as for being able to appreciate cultures without imitating them. yes, but more often than not a person is not trying to imitate a culture. they are borrowing elements of a culture they particularly admire and integrating them with their own culture. it’s a form of participation for most - and let me reiterate that no one ought to be told they can’t wear something because they don’t belong exclusively to the group of people who are allowed to wear it. no one is able to grant someone permission to dress a certain way and inhibit individual liberty like that. that is far more dehumanising than the minority of the ignorant people who don’t understand the significance of the culture they’re choosing to wear a part of.
i think the fundamental difference here is that my beliefs are centred around the idea that segregation of cultures is ultimately detrimental to social progression. barriers between races and cultures have plagued humanity for centuries and caused so much stupidity and fear of ‘the other’. cultural retention =/= cultural segregation. and i believe that groups of people are able to retain what is ‘theirs’ and still have the outside world able to find their own kind of cultural identification with any elements involved in that. i also believe that telling someone what not to wear on the basis that it offends someone is a pretty fucking stupid thing to do and the most ridiculous quelling of freedom of expression there is.
thoughts on ‘cultural appropriation’
i think it’s one of the things that the social justice warriors tend to misinterpret. for example, they get seriously riled when a white girl (for example) wears a geisha costume to a party - because it’s apparently offensive to dress yourself in someone else’s culture. but if there was a non white, non american girl dressing in a cheerleader costume, would it actually create offence? not to anyone rational or not overly-sensitive to the great ‘social injustices’ in the world…
the whole point of costume parties and halloween and everything is that you can be a different person - you don’t have to express your own identity. if we told boys not to dress as princesses because that’s exclusively ‘feminine culture’ then there would be uproar by the same people saying it isn’t okay to wear traditional dress from a culture that ‘doesn’t belong’ to the person wearing it, because of limitations placed on freedom of choice and because telling people what to wear and what not to wear is actually kind of dictator-y. can you see the hypocrisy ?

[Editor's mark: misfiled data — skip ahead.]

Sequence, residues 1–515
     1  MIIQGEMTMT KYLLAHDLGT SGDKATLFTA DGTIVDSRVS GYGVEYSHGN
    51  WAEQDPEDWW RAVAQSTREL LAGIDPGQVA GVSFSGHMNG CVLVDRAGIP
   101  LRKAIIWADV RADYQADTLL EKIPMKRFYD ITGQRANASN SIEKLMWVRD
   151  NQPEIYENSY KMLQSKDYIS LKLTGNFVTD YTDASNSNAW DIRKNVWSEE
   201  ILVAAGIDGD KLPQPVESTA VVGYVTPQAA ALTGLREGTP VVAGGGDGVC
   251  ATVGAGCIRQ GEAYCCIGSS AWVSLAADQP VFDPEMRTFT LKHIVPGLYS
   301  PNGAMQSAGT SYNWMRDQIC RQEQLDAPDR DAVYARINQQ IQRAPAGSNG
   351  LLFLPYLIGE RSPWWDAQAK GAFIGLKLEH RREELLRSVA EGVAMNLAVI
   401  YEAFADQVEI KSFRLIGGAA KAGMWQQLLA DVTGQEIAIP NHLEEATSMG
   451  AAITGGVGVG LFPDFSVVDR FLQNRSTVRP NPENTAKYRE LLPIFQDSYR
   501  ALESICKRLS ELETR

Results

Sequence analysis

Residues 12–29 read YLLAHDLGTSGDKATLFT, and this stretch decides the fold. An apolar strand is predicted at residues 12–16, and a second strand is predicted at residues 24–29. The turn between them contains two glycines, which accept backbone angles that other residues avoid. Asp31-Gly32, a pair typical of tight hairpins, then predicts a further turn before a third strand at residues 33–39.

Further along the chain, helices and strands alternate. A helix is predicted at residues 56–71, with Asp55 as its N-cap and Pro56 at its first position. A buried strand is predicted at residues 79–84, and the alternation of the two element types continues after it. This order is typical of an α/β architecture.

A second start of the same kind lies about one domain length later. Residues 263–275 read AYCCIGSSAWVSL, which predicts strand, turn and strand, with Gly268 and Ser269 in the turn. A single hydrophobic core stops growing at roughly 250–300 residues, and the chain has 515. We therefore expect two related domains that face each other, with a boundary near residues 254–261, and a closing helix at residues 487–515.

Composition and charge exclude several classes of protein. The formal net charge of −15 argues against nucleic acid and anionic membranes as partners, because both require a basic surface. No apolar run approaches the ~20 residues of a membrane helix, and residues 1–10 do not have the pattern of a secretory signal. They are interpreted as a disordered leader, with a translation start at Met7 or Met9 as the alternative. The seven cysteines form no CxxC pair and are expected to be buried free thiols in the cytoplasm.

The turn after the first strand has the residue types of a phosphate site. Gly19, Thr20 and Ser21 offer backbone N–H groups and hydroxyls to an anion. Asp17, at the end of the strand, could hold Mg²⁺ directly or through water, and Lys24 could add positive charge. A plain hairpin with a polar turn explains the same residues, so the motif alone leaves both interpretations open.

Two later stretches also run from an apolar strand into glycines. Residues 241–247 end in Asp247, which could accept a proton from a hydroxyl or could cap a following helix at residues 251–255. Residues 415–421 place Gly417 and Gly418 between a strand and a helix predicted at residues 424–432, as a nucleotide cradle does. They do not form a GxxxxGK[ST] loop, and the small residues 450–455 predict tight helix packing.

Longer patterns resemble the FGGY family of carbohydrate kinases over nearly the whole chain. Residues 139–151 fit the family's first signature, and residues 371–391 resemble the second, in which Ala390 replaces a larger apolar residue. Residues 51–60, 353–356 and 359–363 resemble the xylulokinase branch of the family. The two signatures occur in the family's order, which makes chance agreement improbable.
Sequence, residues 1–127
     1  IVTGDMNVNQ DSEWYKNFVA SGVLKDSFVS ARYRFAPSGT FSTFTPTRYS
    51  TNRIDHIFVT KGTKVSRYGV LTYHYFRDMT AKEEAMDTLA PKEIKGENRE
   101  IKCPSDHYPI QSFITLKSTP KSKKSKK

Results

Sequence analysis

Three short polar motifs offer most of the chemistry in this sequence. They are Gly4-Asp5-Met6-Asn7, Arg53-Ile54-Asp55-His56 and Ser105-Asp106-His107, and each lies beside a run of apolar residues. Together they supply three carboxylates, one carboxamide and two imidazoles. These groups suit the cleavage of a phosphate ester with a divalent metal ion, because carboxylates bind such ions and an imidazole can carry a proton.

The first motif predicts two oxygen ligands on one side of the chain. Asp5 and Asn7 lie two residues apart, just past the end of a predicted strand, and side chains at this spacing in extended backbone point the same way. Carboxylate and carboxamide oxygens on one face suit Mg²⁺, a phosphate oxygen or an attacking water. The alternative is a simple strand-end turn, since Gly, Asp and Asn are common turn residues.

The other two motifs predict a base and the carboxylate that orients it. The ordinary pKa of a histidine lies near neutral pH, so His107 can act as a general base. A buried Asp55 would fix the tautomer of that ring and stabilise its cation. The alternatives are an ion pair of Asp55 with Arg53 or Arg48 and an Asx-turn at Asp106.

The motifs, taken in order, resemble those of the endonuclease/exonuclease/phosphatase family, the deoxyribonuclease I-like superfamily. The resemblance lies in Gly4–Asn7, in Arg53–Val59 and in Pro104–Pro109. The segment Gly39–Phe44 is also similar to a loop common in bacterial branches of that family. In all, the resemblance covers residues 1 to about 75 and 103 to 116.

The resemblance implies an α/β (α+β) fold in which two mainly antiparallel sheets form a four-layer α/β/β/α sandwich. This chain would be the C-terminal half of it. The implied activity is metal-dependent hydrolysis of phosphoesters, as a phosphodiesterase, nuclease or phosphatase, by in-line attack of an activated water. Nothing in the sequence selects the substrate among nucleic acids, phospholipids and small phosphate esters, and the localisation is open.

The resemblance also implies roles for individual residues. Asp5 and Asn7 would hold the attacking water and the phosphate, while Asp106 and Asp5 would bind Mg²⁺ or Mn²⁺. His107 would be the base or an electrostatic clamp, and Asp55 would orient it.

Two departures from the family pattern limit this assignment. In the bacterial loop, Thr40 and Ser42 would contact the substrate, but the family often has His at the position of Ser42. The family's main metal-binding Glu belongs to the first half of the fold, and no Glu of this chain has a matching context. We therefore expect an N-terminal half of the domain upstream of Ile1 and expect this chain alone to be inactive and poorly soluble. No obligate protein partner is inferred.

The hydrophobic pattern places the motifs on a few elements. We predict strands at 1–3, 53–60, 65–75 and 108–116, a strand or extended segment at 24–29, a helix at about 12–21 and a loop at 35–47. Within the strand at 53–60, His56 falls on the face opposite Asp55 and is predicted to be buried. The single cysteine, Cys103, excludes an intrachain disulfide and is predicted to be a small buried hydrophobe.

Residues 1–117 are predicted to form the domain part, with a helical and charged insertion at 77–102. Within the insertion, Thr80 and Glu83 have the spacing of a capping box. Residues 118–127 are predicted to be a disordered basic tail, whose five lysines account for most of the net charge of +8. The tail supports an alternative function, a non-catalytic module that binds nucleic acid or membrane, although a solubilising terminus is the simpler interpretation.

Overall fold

furthermore, when people aren’t in costume and choose to express themselves via the style of a different culture, why should their form of self-expression be penalised ? besides, is their way of carrying this out actually offensive ? when a person chooses to adorn their body using elements of different cultures, it can be generally said that their motives aren’t spiteful or malicious. at the worst end of the spectrum there’s those who are probably ignorant of the meaning behind what they wear, choosing to do so because it ‘looks pretty’, but mostly, integration of other traditional body adornments into western society are a celebration of that culture itself and a nod to multi-ethnic societies & diversity. people throw around the term ‘cultural appropriation’, but isn’t it favourable for people to have a strong mix of cultures within any society, and for people to be able to choose their own values and styles without different groups of people claiming that their culture cannot belong to anyone else but them ? doesn’t that seem to be a huge step back in social progression ?
one more thing to note is that the thing that seems to annoy most people about this whole thing is when the cultural significance of something becomes inextricable from its religious significance. on the one hand, i do believe that it can be disrespectful when people turn religious symbols into fashion statements - which has been fairly predominant recently with crucifixes. but again, at the most, it’s purely ignorance in how a person is devaluing the meaning behind the faith that the crucifix represents. another thing i will say is that south asian body adornments such as mehndi and bindis do have religious significance as well as being there to look a certain way, but i know plenty of pakistani and indian women who wear them without their religious meaning and purely for their appearance. in this case, there is a definite separation between religion and aesthetics, and the only thing to be mindful of is crossing that line.
i belong to a very white british family, but my sister is muslim, my boyfriend and a number of my friends are pakistani & indian, my best homegirl is nicaraguan, and as a result, i have an interest and admiration for all of these cultures. but when i read about so-called ‘cultural appropriation’, i feel as though i am being told to effectively stay exclusively within the bounds of my own culture. to me, that feels like racial segregation and not something i am willing to advocate when i think that society would benefit so much more from a celebration of every single culture and faith - but that’s an entirely different discussion.
tl;dr - i don’t think cultural appropriation is even really a thing
(let me know if i’ve missed anything glaringly obvious)
not sure if zooey deschanel is actually unbelievably annoying or if those are just the roles she’s chosen for… either way everything i’ve ever seen her in has given me the urge to stamp on her irritating face
if you’re not fuckin pumped for the holiday season then you’re feliz navidead to me.